wikiHow to Kill Ivy Without Damaging a Tree

Ivy (Hedera helix) is great in its place but when it starts taking over another plant in your garden, it becomes a real pest. For trees, it can take away light from the bark of the tree and other parts, sometimes preventing dormant buds from sprouting and renewing the tree growth and it can encourage further deterioration of an already damaged tree by increasing the humidity that leads to wood rot.[1] It can also look really messy and scraggly. It won't be easy to remove it, as most methods will likely also kill the tree. With some perseverance, however, you might be able to remove it.


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    Check the base of the tree for suckers from the tree. If there are, do not even consider spraying as the tree will take up any poisons you spray. If there are none, and the tree has brown bark, spray glyphosate on the ivy that sits on the tree trunk.[2]
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    Cut the ivy two weeks later. The lapse in time permits the glyphosate action to work on the entire ivy. Cut the vines as close to the ground as possible and cut out a section to prevent rebonding. Brush the glyphosate directly onto the cuts.
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    Allow natural die-off. Be aware that this will take around 1 - 2 years for the stems above the cut. Trying to remove the ivy will cause a lot of dust inhalation, and can damage the tree if the ivy has clung to it for quite a while. Over time the dead ivy will wither off. Overall natural rotting of the ivy can take 3 - 10 years.[3]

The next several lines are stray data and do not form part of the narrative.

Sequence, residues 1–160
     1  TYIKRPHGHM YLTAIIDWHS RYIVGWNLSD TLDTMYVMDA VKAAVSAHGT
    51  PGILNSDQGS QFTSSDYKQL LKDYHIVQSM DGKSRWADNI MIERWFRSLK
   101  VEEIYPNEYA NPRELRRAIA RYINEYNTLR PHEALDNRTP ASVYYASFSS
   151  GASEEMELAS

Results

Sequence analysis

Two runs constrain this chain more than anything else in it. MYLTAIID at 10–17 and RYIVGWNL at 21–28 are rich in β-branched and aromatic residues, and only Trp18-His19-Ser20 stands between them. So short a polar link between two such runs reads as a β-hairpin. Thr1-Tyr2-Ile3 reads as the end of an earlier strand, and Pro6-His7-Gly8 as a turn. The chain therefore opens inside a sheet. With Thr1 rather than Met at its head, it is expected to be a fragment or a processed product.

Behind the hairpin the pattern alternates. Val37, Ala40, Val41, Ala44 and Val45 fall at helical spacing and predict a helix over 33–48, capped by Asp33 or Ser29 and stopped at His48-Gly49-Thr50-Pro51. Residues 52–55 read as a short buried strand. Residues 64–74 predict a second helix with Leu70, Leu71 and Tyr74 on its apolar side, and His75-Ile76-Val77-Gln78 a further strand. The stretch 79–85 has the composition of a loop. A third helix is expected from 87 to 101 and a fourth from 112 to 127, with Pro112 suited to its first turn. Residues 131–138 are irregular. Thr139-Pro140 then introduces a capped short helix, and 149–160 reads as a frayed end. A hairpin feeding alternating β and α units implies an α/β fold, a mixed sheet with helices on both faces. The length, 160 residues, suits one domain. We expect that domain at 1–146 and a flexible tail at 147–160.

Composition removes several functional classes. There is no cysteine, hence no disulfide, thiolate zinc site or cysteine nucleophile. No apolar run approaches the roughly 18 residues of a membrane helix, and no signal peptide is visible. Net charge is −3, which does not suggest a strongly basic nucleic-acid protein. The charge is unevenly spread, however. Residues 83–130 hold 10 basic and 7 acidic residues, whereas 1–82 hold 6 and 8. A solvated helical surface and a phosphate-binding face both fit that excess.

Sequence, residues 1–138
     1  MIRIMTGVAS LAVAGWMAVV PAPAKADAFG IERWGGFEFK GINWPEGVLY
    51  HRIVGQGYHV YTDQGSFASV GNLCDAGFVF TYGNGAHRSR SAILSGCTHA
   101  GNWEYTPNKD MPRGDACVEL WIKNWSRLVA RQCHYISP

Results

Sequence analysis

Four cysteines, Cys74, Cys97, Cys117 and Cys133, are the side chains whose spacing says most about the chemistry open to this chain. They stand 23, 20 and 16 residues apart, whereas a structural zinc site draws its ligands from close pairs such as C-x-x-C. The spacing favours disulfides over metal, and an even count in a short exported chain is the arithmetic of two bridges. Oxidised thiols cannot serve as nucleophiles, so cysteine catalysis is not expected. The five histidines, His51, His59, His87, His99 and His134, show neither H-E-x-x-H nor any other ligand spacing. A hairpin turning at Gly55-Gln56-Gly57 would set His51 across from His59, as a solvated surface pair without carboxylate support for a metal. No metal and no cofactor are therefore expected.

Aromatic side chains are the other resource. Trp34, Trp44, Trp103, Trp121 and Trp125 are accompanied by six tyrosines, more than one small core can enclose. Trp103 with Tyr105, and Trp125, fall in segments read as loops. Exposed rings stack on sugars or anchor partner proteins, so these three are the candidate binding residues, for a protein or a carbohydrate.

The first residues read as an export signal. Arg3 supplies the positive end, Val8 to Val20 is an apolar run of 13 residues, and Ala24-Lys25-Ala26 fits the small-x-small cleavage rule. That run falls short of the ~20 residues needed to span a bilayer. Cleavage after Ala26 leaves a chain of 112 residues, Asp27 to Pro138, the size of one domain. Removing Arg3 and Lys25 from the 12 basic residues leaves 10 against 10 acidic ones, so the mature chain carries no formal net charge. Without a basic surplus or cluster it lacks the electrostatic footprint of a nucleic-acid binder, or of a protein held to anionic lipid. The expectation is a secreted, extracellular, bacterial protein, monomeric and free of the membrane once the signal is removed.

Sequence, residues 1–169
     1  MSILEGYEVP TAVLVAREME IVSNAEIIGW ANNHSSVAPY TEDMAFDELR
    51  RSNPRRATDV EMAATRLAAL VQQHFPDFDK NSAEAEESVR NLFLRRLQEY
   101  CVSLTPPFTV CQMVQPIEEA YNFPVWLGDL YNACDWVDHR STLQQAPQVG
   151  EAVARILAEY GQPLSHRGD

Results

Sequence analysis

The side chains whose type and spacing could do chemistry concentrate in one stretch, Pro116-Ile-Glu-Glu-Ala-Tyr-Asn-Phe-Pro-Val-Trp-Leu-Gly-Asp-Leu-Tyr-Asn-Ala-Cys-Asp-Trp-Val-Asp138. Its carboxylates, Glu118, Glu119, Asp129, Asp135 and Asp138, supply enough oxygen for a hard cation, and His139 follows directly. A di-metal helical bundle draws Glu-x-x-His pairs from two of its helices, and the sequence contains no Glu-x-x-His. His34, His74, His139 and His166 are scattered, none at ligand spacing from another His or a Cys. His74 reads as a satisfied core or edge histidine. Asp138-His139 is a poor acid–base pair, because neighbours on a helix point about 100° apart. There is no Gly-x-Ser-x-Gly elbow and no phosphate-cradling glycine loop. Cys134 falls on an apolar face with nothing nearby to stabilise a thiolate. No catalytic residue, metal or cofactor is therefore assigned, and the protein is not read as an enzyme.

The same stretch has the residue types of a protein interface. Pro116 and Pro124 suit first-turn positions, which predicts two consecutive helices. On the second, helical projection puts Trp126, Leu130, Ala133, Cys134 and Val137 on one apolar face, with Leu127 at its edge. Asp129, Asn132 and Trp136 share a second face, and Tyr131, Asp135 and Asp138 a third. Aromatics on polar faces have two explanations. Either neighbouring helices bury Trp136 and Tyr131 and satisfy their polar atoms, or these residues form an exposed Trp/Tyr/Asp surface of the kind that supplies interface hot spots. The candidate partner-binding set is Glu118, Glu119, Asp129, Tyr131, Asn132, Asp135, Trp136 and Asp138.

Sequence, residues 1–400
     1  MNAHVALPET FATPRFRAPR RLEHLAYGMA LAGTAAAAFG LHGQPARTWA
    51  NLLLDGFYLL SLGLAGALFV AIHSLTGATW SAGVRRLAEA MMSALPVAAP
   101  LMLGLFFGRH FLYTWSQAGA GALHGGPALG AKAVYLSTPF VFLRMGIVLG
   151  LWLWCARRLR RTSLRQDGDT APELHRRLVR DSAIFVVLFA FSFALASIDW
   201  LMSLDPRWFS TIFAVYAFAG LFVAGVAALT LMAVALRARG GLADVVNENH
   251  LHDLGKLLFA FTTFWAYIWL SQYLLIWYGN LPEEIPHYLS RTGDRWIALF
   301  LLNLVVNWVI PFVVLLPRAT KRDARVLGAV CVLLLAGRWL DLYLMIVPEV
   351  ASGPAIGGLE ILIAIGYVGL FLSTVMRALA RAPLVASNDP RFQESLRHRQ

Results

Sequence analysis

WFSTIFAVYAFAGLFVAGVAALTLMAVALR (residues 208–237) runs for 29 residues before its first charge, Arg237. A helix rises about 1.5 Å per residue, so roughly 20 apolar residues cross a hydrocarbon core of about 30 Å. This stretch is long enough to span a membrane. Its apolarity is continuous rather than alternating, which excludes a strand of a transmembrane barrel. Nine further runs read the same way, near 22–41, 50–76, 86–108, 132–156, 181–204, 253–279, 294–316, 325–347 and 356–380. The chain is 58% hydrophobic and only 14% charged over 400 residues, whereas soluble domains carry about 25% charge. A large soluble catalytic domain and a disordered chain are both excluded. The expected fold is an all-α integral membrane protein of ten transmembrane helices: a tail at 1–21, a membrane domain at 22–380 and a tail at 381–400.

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    Keep an eye on your handiwork. If the ivy sprouts up again anywhere, deal with it immediately by pulling it off.


  • For those in North America, this article refers to English ivy, not poison ivy.
  • Wear gloves and a mask to protect your skin and respiratory system when working with sprays. Ivy also causes an allergy reaction in sensitive people if touched.
  • Note that ivy is not parasitic - its potential for damage comes from its weight (the possibility of making a tree top-heavy and making it more liable to blow over in high winds), moisture increasing potential, and preventing light reaching buds.
  • If you like ivy on a tree, keep it trimmed regularly so that it only grows on the trunk.


  • Any plant sprayed or painted around the tree will die, so be careful!

Things You'll Need

  • Secateurs or other garden cutting implements
  • Glyphosate spray or paint-on
  • Brush for painting on
  • Garden gloves
  • Goggles to prevent ivy dust entering eyes

Sources and Citations

Article Info

Categories: Garden Pests and Weeds